Magnification: is simply the degree to which the object is enlarged. With a 7×35 binocular, for example, the object appears to be seven times closer than without the aid of a binocular. The number immediately following the "x" is the diameter in millimeters of the objective (front) lens. A 10×50 binocular, therefore, has a 10 times magnification with a 50mm objective lens.
Field of View: The field of view is the width, measured in degrees or feet, of the viewing area you would see at 1,000 yards.
Bright Source or Over-Light Protection: An electronic circuit that turns the power to the night vision device down or off when it is exposed to bright light (such as automobile headlights). This protects the image intensifier and extends its life. The device will recover and resume normal operation in 1-2 minutes.
EyePiece Focus: Used to match your night vision scope or binocular to your specific eyesight.
Image Intensifier Or Intensifier Tube: The active component in a night vision system that amplifies light and presents a usable image.
Infrared (IR) Illuminator: Provides a light source for the system to amplify, yielding enhanced images in very low light conditions such as caves where no ambient light is available for amplification.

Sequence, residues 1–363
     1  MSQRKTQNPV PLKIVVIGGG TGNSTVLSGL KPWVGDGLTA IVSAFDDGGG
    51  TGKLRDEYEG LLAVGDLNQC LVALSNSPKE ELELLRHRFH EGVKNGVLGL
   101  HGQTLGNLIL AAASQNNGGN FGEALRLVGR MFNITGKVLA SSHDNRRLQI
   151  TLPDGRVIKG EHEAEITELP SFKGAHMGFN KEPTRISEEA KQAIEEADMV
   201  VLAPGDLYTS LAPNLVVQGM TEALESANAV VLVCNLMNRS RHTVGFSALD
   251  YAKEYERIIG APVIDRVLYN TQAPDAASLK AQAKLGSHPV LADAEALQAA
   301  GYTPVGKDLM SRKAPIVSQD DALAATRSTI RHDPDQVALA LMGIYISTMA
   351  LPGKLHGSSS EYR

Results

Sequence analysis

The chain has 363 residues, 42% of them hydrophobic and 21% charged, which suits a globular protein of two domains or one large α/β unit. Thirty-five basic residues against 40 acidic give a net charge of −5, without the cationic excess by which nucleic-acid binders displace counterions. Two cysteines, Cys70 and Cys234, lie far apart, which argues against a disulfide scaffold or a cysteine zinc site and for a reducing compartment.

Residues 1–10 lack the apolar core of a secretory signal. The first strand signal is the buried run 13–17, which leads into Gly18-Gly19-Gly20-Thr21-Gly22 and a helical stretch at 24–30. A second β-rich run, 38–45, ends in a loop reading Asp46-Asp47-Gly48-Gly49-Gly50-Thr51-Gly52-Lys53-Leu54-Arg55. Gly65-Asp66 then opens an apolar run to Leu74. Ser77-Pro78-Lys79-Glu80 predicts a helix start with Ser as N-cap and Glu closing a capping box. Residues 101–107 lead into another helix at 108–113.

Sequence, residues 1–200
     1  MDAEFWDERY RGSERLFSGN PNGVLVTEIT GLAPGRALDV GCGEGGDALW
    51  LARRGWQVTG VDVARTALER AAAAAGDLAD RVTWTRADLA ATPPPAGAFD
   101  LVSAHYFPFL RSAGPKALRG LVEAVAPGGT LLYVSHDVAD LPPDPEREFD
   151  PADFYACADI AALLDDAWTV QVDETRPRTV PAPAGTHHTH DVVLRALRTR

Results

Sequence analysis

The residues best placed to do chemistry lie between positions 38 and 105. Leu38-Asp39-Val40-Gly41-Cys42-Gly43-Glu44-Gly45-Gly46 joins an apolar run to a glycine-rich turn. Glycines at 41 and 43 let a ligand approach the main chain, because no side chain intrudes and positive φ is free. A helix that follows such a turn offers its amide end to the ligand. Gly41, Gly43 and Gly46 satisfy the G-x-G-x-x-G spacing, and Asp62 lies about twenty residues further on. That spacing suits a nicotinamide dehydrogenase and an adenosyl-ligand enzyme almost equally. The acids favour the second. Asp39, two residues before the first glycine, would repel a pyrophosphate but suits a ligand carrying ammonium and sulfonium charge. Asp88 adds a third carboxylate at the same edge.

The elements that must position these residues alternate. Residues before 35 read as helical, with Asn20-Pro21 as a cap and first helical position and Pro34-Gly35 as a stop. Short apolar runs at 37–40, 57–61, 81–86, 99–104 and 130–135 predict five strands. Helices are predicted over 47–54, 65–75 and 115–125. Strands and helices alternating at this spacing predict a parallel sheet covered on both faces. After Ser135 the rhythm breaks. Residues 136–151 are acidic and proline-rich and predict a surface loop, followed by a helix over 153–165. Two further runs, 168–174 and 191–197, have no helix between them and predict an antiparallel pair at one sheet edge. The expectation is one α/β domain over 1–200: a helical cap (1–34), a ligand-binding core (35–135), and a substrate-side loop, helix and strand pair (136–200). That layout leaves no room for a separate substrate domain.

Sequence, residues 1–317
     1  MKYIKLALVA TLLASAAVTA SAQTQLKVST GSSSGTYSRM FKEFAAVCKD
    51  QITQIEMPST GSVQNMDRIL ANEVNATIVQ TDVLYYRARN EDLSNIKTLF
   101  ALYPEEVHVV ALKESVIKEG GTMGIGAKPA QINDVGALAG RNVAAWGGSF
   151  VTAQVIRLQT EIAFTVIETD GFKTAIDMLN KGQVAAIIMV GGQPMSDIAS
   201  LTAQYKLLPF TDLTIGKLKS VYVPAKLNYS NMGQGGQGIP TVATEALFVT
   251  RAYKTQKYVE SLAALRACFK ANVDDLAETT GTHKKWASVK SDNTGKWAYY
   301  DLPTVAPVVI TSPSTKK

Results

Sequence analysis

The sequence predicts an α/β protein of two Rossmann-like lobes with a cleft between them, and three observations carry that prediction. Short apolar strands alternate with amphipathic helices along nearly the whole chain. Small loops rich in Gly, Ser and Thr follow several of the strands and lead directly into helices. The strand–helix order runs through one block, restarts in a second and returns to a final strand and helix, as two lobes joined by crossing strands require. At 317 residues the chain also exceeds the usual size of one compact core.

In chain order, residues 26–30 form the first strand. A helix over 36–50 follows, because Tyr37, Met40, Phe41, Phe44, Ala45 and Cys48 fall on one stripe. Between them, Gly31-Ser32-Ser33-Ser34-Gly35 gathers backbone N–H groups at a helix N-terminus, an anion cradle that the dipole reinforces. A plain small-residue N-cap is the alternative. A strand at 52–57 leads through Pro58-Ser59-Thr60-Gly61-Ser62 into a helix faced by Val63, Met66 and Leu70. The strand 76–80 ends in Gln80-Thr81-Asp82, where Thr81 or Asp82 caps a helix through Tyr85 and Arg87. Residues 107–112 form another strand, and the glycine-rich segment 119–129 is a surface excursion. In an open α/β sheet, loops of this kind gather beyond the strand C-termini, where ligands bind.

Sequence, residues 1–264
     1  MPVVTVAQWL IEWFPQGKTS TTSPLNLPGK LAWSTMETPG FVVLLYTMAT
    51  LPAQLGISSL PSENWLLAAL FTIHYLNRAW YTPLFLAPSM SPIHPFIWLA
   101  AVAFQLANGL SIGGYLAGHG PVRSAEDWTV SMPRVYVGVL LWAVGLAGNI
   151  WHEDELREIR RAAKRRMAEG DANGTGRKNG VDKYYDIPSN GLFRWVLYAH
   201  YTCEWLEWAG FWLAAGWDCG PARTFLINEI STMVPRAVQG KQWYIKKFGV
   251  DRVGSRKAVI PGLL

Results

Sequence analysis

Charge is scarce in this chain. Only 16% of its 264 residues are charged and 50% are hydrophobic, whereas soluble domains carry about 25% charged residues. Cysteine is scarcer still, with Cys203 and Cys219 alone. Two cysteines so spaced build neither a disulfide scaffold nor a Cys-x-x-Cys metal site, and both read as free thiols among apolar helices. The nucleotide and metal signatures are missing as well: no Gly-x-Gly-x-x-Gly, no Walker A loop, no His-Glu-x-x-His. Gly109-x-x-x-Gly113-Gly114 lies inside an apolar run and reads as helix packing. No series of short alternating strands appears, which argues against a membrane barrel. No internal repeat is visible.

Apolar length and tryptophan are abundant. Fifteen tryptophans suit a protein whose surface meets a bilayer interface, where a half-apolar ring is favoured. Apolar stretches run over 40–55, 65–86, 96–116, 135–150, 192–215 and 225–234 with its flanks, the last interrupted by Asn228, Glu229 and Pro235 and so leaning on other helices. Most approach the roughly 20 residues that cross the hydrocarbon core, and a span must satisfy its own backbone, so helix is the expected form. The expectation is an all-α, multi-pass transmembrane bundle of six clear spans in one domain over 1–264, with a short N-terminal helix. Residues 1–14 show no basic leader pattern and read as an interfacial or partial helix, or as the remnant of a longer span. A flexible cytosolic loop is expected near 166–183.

Objective Lens: Collects all available light and focuses it on the image intensifier. It also provides image magnification.
Phosphor Screen: Positioned at the back of the intensifier tube, the green phosphor screen renders a visible night vision image. The human eye is most sensitive to green contrasts.
Photocathode: Converts light (photon energy) into electrons (electrical energy) which are then amplified in the intensifier. The objective lens focuses available light on the photoelectric surface of the photocathode, which is excited and passes electrons within the tube.
Resolution: A measure of the ability to render and display a detailed image. Image intensifier resolution remains constant and is expressed as the maximum number of line pairs per millimeter (LP/MM) that can be discerned when a black-and-white stripe pattern is focused on the photocathode.
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